Matt Gray, Izzy Weaver
As I sat watching "Madison Baker was Here," two words kept coming to mind and getting louder and louder as the film progressed. Guilty pleasure. The truth is that I thought this was a great movie, but I was a little hung up on what to rate it. You see, reader, this wasn't a technically perfect film by any stretch, and don't even get me started on why Ryan lives so damn far from his school or why he's on vacation during the school week - yet this really was a film I thought I could understand. Perhaps the word "understand" isn't quite right, and the word "remember" would fit better, but should you see this film, you'll know exactly what I mean. I decided on a four-star review because damn it, I'll admit to the whole world that I enjoy this kind of film. I don't care who knows it.
So, just what is "Madison Baker was Here" and why did I enjoy it so much? It's kind of like a modernized, girls-only version of "The Breakfast Club" if John Hughes had visualized his movie as a road-trip film. It deals with the lives of four teenage girls with entirely different personalities; it deals with growing up, insecurities, and even anger as the foursome make their overnight trek to visit the object of Madison's affections. The movie wraps itself within the banner of comedy, but the more serious undertones are one hundred percent present and accounted for. This is the definition of an indie road-trip film, and totally a guilty pleasure. I have a feeling I'm not the only person who will think this way, a strong one. Don't let the seemingly simple premise of a teenager having one last "Hurrah!" before moving out of town fool you. There's a lot more to this indie gem than you'd expect.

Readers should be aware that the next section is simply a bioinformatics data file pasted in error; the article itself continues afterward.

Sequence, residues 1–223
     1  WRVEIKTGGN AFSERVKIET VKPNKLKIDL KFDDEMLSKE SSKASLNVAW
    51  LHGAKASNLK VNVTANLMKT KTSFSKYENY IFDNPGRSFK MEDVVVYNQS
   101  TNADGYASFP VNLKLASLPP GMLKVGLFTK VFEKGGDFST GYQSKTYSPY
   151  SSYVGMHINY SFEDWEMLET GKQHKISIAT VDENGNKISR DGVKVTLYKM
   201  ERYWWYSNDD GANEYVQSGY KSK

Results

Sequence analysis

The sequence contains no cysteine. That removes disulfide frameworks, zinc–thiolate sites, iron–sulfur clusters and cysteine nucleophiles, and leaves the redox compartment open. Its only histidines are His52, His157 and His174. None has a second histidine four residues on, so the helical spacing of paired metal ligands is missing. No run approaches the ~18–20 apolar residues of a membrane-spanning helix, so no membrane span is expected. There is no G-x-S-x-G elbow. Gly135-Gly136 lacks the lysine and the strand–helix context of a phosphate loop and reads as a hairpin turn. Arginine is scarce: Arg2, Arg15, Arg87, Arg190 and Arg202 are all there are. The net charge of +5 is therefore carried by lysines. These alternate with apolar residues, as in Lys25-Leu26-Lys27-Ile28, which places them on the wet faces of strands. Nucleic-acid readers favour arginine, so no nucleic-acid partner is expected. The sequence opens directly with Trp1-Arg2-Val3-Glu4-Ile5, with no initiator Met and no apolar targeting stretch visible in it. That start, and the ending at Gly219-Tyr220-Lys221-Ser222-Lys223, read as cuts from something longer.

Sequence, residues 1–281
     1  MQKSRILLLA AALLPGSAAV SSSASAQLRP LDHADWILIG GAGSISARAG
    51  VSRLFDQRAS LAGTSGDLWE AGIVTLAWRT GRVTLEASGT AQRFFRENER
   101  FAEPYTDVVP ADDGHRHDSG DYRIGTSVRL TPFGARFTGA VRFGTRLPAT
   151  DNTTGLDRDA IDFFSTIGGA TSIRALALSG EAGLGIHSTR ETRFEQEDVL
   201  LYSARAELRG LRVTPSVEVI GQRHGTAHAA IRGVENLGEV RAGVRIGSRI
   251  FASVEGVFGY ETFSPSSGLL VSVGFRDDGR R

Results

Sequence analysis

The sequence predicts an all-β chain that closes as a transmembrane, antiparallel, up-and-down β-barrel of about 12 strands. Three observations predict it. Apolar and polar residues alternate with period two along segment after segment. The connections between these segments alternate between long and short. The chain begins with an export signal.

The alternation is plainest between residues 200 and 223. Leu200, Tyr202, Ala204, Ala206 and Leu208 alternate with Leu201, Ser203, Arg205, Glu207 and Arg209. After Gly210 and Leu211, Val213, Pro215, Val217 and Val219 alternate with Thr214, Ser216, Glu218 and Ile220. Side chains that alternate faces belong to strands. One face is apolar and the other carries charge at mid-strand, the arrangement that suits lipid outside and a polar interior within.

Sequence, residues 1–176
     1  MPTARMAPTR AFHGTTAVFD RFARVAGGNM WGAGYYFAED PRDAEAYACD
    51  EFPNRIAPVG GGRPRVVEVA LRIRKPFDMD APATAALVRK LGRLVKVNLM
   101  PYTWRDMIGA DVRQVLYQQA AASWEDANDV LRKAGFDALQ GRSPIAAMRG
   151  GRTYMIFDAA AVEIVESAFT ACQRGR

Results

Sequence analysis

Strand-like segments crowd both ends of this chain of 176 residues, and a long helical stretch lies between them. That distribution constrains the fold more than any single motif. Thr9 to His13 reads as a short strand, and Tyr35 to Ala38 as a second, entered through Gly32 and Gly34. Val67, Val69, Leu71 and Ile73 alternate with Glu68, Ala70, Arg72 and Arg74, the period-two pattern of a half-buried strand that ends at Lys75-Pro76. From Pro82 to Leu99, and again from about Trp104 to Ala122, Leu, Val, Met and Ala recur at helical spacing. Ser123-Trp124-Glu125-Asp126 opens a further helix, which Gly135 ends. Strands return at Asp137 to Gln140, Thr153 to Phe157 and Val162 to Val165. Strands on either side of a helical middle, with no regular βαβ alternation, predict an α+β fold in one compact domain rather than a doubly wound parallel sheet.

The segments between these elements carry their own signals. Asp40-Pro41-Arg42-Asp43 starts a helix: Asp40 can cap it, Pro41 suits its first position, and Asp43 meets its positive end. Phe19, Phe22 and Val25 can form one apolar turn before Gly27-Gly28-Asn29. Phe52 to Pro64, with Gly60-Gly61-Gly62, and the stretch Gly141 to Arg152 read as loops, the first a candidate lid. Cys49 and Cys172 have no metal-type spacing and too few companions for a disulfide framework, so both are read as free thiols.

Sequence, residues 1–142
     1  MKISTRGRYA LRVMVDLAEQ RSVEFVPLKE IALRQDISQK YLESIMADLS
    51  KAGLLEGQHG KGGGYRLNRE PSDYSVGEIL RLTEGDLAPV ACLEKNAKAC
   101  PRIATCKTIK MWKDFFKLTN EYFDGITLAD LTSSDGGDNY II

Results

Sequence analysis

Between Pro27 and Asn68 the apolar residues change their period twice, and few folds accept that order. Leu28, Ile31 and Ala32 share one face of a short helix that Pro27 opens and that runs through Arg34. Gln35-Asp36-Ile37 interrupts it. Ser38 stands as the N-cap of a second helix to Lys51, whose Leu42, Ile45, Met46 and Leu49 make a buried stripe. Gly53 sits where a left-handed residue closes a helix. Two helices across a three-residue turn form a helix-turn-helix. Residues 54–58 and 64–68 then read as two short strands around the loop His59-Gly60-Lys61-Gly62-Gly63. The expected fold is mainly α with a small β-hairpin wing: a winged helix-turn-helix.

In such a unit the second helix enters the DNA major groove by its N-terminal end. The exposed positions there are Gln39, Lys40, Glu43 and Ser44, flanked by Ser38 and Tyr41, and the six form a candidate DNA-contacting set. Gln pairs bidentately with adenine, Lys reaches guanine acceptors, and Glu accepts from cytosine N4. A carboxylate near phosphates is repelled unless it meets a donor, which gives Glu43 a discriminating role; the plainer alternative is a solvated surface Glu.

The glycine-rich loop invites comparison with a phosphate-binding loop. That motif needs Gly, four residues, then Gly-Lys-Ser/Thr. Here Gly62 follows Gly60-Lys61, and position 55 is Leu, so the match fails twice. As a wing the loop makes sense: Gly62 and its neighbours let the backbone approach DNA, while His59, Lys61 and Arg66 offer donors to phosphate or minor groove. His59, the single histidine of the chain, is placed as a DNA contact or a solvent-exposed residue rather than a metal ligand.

In case you're wondering about this movie's playability? Don't worry, "Madison Baker was Here" may not be able to hide it's low-budget, independent roots - but it's low-budget indie done well. Matt Gray manages to direct some really talented individuals into some really excellent performances. This is a real feeling film when the scene calls for it, and just as silly when some comedic chops are needed. The four ladies all manage some splendid performances, and the "Otis" character was a great distraction, keeping things comedic and moving when needed.
If I had one real hang-up when it comes to post-production, it would be the near-constant use of background music. There came the point when the backing score added nothing to the scene - because I was so used to hearing it. Such a small thing, really - but I noticed none the less. Other than that? "Madison Baker was Here" has a pretty good pace and didn't overstay its welcome. What more could a person ask?
At the end of the day? "Madison Baker was Here" is a funny film that doesn't shy away from its slightly corn-ball nature. It's a little dramatic at times but never takes itself all that seriously. This excellent balance is what gives this film its charm, and I enjoyed it from start to finish. This is what indie should be, and I'm glad I had a chance to take it all in. Four stars.